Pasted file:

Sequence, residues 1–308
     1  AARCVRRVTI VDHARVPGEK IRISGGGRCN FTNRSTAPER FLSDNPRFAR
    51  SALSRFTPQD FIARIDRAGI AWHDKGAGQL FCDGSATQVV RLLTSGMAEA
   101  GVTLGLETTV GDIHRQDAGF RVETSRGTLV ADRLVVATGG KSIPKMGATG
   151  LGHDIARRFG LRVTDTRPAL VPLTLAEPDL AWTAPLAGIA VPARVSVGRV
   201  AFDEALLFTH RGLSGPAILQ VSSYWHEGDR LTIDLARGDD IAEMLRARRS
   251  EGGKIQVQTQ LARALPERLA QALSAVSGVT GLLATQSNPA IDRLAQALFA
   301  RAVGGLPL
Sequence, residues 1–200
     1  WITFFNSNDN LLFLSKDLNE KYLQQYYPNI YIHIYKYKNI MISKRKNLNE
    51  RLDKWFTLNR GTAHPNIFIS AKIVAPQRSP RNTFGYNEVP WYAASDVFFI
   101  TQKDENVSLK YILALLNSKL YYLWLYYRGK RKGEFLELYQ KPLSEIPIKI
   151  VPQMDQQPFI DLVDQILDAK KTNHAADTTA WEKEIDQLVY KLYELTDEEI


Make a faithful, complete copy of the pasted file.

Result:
Sequence, residues 1–308
     1  AARCVRRVTI VDHARVPGEK IRISGGGRCN FTNRSTAPER FLSDNPRFAR
    51  SALSRFTPQD FIARIDRAGI AWHDKGAGQL FCDGSATQVV RLLTSGMAEA
   101  GVTLGLETTV GDIHRQDAGF RVETSRGTLV ADRLVVATGG KSIPKMGATG
   151  LGHDIARRFG LRVTDTRPAL VPLTLAEPDL AWTAPLAGIA VPARVSVGRV
   201  AFDEALLFTH RGLSGPAILQ VSSYWHEGDR LTIDLARGDD IAEMLRARRS
   251  EGGKIQVQTQ LARALPERLA QALSAVSGVT GLLATQSNPA IDRLAQALFA
   301  RAVGGLPL
Sequence, residues 1–200
     1  WITFFNSNDN LLFLSKDLNE KYLQQYYPNI YIHIYKYKNI MISKRKNLNE
    51  RLDKWFTLNR GTAHPNIFIS AKIVAPQRSP RNTFGYNEVP WYAASDVFFI
   101  TQKDENVSLK YILALLNSKL YYLWLYYRGK RKGEFLELYQ KPLSEIPIKI
   151  VPQMDQQPFI DLVDQILDAK KTNHAADTTA WEKEIDQLVY KLYELTDEEI